Global search queries standard objects and also searches other objects like documents, Chatter feeds, files, topics, and people. Global search also searches more field types, including custom fields and long text fields such as descriptions, notes, and task and event comments. Global search keeps track of which objects you use and how often you use them, and arranges the search results accordingly. Search results for the objects you use most frequently appear at the top of the list. If global search doesn’t have enough information about which objects you use, you see results for all objects until it has more information.
How your global search works depends on your search terms, and the use of wildcards and operators.
Search terms are treated as separate words and may be found in different searchable fields within a record. For example, searching for bob jones returns items with Bob Jones, as well as a contact named Bob Smith whose email address email@example.com.
Search terms are separated by letter, number, and punctuation boundaries. For example, searching for acct!4 returns items with Acct, !, and 4, even if those terms are in separate places in the item.
Asterisks match zero or more characters at the middle or end (not the beginning) of your search term. For example, a search for john* finds items that start with john, such as, john, johnson, or johnny. A search for mi* meyers finds items with mike meyers or michael meyers. If you're using sidebar search, an * is automatically appended to the end of the search string. You can use an * at the beginning of a search term in a standard lookup search.
Question marks match only one character in the middle or end (not the beginning) of your search term. For example, a search for jo?n finds items with the term john or joan but not jon or johan. If you're using global search, the ? is removed from the end of your search term and isn't treated as a wildcard. You can't use a ? in a lookup search.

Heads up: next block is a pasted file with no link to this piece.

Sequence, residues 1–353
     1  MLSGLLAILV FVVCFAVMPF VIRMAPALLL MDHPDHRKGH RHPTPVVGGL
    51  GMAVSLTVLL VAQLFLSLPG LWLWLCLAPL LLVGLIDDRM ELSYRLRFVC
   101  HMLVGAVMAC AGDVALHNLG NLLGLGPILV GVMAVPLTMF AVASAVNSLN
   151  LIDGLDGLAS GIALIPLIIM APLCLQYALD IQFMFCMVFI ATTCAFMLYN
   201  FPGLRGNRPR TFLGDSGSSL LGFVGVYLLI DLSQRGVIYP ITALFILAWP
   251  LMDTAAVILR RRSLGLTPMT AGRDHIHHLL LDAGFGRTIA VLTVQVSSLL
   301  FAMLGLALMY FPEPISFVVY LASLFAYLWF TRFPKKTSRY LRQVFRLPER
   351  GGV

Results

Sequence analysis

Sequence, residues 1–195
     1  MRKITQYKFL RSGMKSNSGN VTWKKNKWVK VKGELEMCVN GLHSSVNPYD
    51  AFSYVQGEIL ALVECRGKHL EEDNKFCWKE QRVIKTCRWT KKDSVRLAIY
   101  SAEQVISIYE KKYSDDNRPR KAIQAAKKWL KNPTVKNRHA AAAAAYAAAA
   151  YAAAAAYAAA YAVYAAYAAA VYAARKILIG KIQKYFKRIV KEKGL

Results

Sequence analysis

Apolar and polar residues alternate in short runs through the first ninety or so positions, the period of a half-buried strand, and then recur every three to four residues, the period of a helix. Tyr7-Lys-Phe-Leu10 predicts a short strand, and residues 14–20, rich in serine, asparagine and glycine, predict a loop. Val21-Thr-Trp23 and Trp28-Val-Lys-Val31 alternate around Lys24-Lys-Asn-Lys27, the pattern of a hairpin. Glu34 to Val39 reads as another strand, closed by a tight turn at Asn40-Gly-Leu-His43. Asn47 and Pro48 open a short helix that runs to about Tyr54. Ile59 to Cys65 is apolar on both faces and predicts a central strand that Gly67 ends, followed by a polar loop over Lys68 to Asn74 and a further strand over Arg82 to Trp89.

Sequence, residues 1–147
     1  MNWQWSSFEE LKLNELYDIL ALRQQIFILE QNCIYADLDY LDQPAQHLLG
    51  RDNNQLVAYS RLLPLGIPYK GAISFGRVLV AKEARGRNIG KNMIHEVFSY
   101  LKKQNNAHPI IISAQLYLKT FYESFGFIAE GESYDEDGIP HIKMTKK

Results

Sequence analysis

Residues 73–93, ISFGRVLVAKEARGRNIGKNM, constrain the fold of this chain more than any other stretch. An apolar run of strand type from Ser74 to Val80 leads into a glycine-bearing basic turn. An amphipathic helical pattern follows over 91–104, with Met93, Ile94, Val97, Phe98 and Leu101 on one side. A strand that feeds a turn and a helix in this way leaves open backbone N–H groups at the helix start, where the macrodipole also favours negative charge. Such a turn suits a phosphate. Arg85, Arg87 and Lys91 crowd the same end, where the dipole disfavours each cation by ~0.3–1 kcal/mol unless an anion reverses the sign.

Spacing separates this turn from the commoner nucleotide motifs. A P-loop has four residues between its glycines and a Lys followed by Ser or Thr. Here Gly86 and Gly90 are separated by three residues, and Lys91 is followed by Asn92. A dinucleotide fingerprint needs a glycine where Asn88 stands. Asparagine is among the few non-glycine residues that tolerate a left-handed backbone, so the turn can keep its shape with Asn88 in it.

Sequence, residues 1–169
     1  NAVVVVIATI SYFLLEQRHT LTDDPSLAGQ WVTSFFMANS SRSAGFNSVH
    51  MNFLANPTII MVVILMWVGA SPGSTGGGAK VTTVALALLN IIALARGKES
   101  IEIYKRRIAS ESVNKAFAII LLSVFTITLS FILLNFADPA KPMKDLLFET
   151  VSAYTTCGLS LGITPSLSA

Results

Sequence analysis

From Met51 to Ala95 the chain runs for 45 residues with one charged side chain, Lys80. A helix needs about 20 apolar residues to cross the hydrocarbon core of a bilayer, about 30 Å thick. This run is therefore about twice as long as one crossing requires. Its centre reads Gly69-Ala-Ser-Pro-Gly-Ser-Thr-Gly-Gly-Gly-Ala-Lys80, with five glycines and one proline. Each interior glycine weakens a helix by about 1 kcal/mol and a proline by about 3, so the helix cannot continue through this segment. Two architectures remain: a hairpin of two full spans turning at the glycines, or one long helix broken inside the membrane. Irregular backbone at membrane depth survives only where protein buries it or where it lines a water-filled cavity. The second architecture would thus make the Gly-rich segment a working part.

Wildcard Behavior and Limitations
Wildcards take on the type of the preceding character. For example, “aa*a” matches “aaaa” and “aabcda”, but not “aa2a” or “aa.!//a”, and “p?n” matches “pin” and “pan”, but not “p1n” or “p!n”. Likewise, “1?3” matches “123” and “143”, but not “1a3” or “1b3”.
You can't search for a ? or * in a search phrase that is enclosed in quotation marks or when Exact phrase is selected in the search scope because they function as wildcards. For example, "my wo?d" matches my wood and my word.
If you're entering search terms in global search, the search box drop-down list gives you the option to search for your term with an * added to the end. For example, type “jo” in the search box, then select Search for jo* (starts with) to find joan, john, johnson, and other matches that start with jo.
Let’s take a look at the Global Search Bar and understanding Search Results.
- The Global Search Bar will always be located at the top of the page.
- The objects that return records and the records they return will display in the center of the page
- You can show more records if there are many results.
- More objects can be searched on the left side of the page.
- If you’d like to search Chatter Feeds you can select the Search Feeds option.